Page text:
I sometimes feel that my writing has far too much of an agenda, as if it’s always trying to expose something. Sometimes it gets too journalistic. So I wanted to try to just describe something without making a song and dance about it. This morning I went on a ten mile walk over the downs in Wiltshire in the fog. I had to use a compass and everything, it was great. And this is what I saw.
Fog #1 Walking south from Avebury, 15th March 2012.
The close-cropped pasture slipped away around me. The grass was silver with dew, and my shoes wet through. A stock fence ran parallel to my path, mechanically tensioned wire taught between the dead-straight line of posts. It stretched away endlessly, to a vanishing point hidden behind the mist. I could only see perhaps fifty metres. The white blank was an empty sheet of paper, mocking my attempts at description and metaphor with its bright opacity.
I looked west. Was the sky bluer that way? And to the South, surely the mist had thickened from white to the grey of melting snow where Silbury Hill ought to have stood? Or had my retinas been burnt by the relentless whiteness, and were all the colours I was seeing the random replenishment of iodopsin?
The birds did not seem to mind the mist. Skylarks gurgled, invisible. Crows caw for the morning and pheasants call for death. The A4 didn’t mind the mist either, and I followed the noise of cars, lorries, and motorbikes as if they were aeroplanes in the clouds. The sound of the road was another mist, a dull grey nimbostratus of white noise, sometimes punctuated by a rolling bank of sound as a lorry drove by, sometimes as quiet as the pale yellow sphere of the sun glimpsed through the thinner mist, but never silent.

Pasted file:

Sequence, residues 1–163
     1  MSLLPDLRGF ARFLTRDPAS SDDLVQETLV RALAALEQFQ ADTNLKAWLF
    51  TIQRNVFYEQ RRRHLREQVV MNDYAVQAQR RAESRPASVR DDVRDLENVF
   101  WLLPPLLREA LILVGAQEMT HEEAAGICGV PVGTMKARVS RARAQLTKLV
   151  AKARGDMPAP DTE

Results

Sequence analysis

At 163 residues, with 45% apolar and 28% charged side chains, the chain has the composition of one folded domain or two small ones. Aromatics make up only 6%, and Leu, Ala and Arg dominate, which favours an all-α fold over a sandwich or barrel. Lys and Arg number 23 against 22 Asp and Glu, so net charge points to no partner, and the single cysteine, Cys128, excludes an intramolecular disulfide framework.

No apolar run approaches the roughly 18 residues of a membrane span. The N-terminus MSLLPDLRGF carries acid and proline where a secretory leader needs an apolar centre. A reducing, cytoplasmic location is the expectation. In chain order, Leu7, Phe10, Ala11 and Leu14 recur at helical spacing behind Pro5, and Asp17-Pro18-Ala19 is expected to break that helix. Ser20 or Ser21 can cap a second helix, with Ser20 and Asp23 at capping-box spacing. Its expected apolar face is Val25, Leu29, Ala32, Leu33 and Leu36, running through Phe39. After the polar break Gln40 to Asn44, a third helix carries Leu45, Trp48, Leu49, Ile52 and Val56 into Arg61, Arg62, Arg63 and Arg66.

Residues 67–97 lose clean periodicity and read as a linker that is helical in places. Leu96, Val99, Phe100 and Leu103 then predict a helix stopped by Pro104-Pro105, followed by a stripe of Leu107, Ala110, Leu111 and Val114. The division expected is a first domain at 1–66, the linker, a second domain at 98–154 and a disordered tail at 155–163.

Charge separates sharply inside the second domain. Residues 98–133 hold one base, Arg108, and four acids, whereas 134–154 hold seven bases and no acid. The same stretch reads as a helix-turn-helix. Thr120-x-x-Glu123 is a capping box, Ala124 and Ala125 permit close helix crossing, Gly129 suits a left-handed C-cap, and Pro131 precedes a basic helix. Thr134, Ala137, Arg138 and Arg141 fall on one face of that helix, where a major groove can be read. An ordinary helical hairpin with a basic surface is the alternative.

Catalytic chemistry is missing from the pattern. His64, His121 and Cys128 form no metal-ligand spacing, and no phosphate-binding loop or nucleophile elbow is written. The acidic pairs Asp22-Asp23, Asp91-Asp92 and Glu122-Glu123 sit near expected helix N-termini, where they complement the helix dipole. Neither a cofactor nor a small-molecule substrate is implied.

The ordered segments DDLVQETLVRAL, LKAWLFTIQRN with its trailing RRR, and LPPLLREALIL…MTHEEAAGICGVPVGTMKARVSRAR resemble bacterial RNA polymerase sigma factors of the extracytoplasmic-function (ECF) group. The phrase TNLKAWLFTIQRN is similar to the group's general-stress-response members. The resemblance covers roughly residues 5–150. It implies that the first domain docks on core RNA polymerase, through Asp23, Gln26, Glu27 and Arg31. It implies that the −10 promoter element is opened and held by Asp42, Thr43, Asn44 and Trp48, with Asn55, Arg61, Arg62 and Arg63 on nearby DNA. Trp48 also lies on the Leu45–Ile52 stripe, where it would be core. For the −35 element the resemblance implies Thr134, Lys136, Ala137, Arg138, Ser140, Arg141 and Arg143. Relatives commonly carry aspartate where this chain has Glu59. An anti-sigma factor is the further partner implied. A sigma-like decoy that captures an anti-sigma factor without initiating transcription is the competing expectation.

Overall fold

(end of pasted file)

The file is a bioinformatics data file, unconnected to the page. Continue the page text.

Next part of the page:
And then trees began to condense at the bottom of the hill, half seen, half imagined, grey on grey, an idea forming in my mind, a half-remembered name on the tip of my tongue, growing in form and density, suddenly lost, the melody in the skylark’s endless song.
#2 More mist
In the mist, everything could be endless. The bridle path followed the sagging, rusted line of a barbed wire fence beside a field of rotting cabbages for eternity. Behind, there was no beginning, and ahead, there was no end. The flints in the chalky mud paved a path to nowhere, only onwards, into the mist. Skylarks haunted the air, their songs interchangeable, impersonal as a rolling cloud. Weeds grew by the wayside, the yellow flowers of the camomile nothing more than a shade of green. Around the fence the dead stems of last year’s fireweed and nettles shivered in the wind that failed to blow the mist away. Sometimes wisps and tendrils of mist were blown across the path, sometimes the way ahead cleared for an instant, and the shape of a stunted hawthorn appeared, unannounced and unexpected, only to slip away again. And the mist rolled on.